In six years, I have never hit him. Not once. Every disciplinary measure I have ever taken has been unaided by a paddle. He’s not that child, and I’m not that parent. To be clear, I am not critical of corporal punishment, used properly. It is simply a form of punishment I choose not to use, given my background. I am not a parent who hits.

My parent was.

My father was.

In fact, it’s a big part of my story. After he nearly paralyzed me one night with the assistance of a Chuck Norris action figure, a toy that I had left out and that he had stepped on, causing the outburst, eliciting outrageous anger and turning old Chuck into a weapon instead of a plaything, after this tumultuous evening my mom left him.

She feared what would happen to her kids if she stayed.

Corporal punishment is personal to me. In the hands of healthy person, it seems effective. In the hands of a monster, it can have devastating consequences.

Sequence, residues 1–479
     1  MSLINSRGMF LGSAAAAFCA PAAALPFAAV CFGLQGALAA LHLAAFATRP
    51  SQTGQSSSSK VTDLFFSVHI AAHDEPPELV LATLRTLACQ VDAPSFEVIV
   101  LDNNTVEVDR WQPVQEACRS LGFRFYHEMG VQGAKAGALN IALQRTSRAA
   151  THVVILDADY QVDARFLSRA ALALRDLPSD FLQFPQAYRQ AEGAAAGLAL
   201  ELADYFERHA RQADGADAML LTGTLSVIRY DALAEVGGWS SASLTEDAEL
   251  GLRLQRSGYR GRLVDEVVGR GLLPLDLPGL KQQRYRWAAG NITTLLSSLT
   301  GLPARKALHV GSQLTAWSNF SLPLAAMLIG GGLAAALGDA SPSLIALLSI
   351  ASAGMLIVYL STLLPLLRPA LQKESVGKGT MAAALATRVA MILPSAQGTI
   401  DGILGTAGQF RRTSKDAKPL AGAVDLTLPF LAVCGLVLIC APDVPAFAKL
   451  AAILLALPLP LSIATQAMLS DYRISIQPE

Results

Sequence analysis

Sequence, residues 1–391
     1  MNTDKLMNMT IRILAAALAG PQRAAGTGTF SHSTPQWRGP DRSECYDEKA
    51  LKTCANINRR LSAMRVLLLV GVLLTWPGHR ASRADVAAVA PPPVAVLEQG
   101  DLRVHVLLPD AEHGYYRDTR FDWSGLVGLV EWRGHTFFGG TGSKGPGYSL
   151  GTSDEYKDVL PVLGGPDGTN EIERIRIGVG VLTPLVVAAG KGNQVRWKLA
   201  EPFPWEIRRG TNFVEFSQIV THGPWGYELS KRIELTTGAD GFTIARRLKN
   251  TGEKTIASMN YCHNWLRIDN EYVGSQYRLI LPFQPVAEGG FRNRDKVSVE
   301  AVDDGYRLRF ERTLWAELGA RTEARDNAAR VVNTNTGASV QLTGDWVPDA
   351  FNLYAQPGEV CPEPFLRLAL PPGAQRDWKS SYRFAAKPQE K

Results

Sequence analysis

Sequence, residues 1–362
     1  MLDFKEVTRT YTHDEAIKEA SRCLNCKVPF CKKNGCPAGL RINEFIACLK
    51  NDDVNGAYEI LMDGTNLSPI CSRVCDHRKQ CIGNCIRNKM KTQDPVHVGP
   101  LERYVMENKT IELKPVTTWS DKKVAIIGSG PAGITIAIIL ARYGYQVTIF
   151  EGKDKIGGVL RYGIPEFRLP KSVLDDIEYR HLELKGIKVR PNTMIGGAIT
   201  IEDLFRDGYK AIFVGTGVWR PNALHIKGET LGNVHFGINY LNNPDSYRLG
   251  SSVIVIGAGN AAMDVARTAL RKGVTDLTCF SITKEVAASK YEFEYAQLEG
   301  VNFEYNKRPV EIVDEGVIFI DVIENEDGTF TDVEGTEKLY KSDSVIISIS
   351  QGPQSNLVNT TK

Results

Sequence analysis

And since monsters don’t often know they are monsters until placed in a situation where they discover their alter egos, I decided years ago I would never put myself there.

So in six years, I have never hit my children.

But in that moment, having seen Benjamin cause Eli pain, I thought I was about to.

I thought Benjamin needed to know what it was like when someone bigger, older, and stronger, used that size and strength against him, powerlessly against his will.

But as he sat in time out and I mulled all this over, I felt the gentle nudge of the Holy Spirit.

That’s how He communicates most often, to me, you know. A nudge. A soft elbow to my abdomen.

“Hey,” he whispered. “Can we talk? Can we pray?”

It occurred to me that this wasn’t the story that I wanted to tell. And this wasn’t the message I wanted to send.

A mixed one?

“Hey, Benjamin, it’s not okay to beat up those smaller than you, so I’m going to violate you using my hands since I’m bigger and stronger than you.”


We’ve been going down this list of virtues that Peter recommends we add to our faith. And we’ve arrived at one of my favorites.

“Supplement your faith with a generous provision of moral excellence, and moral excellence with knowledge, and knowledge with self-control, and self-control with patient endurance…” (2 Peter 1).

Patient endurance.

Scripture teaches that this is exactly how our God and Father relates with us, because He chooses to.

He could at any moment decide to bend us over His knee and beat us wildly. We are sinful and broken and sin not only deserves God’s wrath but it must be punished.